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This article is taken from PN Review 48, Volume 12 Number 4, March - April 1986.

Recyclers and Commonsensicals Michael Hulse

I have been asked for a response to a piece of paper which looks very serious and makes an immediate impression of horns-out contentiousness. In recent years, it tells me, a new orthodoxy in critical discourse on literature has not only emerged but indeed hardened, and this orthodoxy must imperatively be challenged. The piece of paper lists the seven deadly sins that the new and rigid orthodoxy has been committing; a 'contemptuous dismissal' of anything sounds as if I ought to be against it, certainly a 'contemptuous dismissal of versions of reality' (heavens, where will these people draw the line?) and 'self-righteous sectarianism' is something that me and all my right-thinking buddies simply will not put up with. This is excellent stuff! The piece of paper then lists the seven tasks that the virtuous must now take upon themselves; they all seem to involve keeping alive, ensuring and broadening, so plainly they are good things. This too is excellent! And it is so agreeably symmetrical, the seven deadly sins so tidily balanced by the seven tasks of the virtuous: how neat, how pat! And how very much unlike anything at all outside the caricatured and schematic world of polemics.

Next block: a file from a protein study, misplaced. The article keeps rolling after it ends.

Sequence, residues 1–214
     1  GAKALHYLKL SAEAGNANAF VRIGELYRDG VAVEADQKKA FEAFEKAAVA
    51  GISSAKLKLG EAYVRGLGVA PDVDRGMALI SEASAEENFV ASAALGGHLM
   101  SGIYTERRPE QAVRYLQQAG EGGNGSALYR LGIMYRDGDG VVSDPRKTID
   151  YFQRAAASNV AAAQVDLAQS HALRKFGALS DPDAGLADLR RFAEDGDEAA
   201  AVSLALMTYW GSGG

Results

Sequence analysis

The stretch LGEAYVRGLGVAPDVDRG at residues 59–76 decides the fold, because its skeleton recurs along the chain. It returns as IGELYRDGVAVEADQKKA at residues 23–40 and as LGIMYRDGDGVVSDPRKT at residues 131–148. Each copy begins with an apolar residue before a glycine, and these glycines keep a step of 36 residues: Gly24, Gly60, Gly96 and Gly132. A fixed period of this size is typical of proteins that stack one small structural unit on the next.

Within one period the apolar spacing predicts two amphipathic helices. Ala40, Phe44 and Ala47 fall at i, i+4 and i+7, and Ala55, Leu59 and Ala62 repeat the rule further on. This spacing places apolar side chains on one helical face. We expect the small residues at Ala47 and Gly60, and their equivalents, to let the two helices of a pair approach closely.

My reaction to the piece of paper with its parallel lists is in fact, as will already have become apparent, partly one of scepticism: I prefer to hold the paper at arm's length, and would indeed have liked to leave it in a fumigator for an hour or ...

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